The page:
According to Millennials – people born between the early 1980s and 2000s – the deprivation and ravenous hunger associated with dieting for weight and fat loss are no longer in vogue.
Instead, women around the world, led seemingly by Gen-Yers, are shunning the old diet paradigm of low-calorie, low-fat diets.
A new trend has emerged where calorie-counting has become so last season, according to reports from PricewaterhouseCoopers (PwC) and the International Food Information Council (IFIC).
Health first approach
According to the data, it seems that Millennials have rebuffed the conventional wisdom of their Baby Boomer parents, for whom the quintessential diet was restrictive, devoid of fat and full of processed convenience food and added sugar.
Instead, they are choosing a more healthful and balanced approach to eating.
According to the PwC report, the shift in trend toward “healthy eating” among Millennial consumers is thanks to increased media exposure across social media, including bloggers, and the use of mobile apps.
This has resulted in almost half of respondents (47%) in the PwC report stating that they have shifted their eating habits towards a healthier diet, as compared to just 23% of those aged over 55. Additional data showed that 53% of those surveyed expected to change their eating habits in the next year, compared to just 19% of those aged over 55.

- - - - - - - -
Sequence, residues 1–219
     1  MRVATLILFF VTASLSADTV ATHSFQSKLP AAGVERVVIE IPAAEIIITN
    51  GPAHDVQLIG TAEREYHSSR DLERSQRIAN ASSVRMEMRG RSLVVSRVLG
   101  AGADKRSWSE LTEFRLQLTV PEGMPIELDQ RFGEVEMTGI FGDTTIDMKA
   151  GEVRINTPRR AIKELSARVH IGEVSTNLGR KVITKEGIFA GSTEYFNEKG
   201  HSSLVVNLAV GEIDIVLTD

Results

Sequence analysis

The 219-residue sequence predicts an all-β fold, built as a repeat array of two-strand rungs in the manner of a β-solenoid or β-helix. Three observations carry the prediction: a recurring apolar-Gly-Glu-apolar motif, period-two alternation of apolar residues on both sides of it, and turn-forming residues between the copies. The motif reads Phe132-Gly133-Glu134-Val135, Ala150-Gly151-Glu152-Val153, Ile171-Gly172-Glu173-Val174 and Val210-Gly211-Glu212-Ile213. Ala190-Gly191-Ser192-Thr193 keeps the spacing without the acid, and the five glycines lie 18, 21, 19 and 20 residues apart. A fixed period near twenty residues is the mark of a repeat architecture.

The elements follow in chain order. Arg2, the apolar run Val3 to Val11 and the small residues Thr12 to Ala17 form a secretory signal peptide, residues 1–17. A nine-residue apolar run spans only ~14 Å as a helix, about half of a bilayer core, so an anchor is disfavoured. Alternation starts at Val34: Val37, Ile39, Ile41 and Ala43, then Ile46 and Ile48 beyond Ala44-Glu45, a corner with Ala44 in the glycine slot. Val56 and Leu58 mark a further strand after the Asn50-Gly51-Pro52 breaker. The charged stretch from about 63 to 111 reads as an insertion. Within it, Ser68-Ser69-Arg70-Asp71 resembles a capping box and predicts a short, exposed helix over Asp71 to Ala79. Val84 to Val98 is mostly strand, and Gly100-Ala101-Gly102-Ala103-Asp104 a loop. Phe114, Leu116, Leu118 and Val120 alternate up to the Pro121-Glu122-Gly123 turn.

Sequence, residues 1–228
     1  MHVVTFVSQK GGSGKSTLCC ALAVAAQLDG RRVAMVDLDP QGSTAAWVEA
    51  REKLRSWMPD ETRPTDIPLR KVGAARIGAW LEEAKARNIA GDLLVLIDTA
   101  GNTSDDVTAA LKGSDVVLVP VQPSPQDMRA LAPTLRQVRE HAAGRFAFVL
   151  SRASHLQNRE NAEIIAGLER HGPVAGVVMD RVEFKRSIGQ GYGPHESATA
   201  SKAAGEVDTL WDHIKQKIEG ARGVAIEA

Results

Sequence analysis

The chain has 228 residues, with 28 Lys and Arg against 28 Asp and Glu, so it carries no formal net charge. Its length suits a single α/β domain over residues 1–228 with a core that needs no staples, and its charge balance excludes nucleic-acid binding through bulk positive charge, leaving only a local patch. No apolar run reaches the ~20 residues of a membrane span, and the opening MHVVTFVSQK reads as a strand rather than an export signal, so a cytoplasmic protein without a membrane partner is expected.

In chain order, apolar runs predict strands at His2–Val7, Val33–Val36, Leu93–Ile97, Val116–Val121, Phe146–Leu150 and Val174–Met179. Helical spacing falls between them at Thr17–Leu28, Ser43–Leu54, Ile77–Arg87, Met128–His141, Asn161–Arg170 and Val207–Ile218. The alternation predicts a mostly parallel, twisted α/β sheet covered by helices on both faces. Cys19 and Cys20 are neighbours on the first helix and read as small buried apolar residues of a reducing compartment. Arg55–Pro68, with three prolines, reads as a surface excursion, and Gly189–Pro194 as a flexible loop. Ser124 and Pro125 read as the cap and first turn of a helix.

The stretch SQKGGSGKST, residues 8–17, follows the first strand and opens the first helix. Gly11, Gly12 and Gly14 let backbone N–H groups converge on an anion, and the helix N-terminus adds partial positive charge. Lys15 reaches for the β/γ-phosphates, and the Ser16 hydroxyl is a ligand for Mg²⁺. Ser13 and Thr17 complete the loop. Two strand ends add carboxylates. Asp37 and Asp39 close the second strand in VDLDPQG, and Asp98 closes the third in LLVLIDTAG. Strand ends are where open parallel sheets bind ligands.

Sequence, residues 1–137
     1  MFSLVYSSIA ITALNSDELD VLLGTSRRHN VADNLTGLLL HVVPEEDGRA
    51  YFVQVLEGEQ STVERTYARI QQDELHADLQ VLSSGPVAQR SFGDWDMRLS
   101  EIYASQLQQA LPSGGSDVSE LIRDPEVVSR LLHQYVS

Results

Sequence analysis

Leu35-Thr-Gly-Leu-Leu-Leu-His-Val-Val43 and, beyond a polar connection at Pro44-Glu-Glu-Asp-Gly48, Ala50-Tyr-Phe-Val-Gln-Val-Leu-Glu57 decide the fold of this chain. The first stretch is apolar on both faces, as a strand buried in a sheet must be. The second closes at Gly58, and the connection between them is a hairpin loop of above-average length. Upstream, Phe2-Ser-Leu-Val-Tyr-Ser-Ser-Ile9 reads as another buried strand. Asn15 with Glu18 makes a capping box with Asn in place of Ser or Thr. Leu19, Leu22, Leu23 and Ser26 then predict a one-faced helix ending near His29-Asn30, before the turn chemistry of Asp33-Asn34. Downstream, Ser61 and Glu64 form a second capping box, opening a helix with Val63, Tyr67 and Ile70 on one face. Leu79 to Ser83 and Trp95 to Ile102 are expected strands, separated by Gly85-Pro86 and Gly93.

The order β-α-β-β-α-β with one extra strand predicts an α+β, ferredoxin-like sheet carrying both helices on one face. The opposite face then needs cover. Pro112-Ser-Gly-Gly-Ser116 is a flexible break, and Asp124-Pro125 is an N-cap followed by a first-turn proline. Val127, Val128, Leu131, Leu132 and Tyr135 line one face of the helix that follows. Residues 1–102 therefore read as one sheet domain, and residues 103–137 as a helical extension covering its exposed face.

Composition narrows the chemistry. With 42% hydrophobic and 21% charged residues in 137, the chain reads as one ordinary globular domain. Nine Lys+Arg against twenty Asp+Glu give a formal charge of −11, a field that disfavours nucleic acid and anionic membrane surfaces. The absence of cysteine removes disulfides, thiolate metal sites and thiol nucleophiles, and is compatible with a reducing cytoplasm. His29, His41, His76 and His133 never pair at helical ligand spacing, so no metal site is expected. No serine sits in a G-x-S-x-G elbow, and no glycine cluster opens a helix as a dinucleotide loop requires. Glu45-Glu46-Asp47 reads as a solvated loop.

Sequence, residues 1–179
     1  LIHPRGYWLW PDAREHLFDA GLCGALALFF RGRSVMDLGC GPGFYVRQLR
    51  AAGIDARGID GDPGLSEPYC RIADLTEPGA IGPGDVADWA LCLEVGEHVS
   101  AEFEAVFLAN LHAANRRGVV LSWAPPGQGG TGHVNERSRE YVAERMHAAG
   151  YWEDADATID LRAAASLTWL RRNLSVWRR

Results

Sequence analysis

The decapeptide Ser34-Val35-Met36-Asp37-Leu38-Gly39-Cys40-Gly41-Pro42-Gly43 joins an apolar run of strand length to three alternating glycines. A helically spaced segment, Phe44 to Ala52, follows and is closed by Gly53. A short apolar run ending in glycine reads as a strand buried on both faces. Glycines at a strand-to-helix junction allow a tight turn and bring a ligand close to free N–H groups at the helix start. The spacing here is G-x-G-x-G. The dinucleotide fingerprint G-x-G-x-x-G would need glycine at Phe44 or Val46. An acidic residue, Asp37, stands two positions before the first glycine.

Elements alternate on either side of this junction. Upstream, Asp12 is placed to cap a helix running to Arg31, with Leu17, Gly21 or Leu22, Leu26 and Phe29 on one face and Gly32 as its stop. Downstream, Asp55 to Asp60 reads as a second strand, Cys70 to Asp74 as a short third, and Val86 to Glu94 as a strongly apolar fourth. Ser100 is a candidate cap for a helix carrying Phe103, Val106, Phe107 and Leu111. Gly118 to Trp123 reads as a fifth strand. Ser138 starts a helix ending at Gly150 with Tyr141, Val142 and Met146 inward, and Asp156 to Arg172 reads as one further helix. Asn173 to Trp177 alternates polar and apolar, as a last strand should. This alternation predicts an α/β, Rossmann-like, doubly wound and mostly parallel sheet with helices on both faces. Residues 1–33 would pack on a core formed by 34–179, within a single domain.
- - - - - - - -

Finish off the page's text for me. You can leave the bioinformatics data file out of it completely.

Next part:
The IFIC’s 2015 Food and Health Survey also found that Millennials are less likely to count or limit calories than other age groups.
READ MORE | End Dieting For Good By Understanding Macros
Defining healthful eating
But what exactly do Millennials consider to be “healthy”? The IFIC report states that millennials tend to agree that moderating sugar intake may be part of a healthy diet, and that there are differences in the healthfulness of naturally-occurring sugars compared with other types of sweeteners.
They’re also less inclined to reduce their consumption of solid fats, and one in three Millennials recently changed their opinion on the healthfulness of saturated fat, according to the report, and are now eating more of it.
And to add further credence to the millennial-driven shift in dietary trends, a report released by Morgan Stanley states that while previous generations counted calories, Millennials care more about food being “fresh, less processed and with fewer artificial ingredients”.
Author: Pedro van Gaalen
When he’s not writing about sport or health and fitness, Pedro is probably out training for his next marathon or ultra-marathon. He’s worked as a fitness professional and as a marketing and comms expert. He now combines his passions in his role as managing editor at Fitness magazine.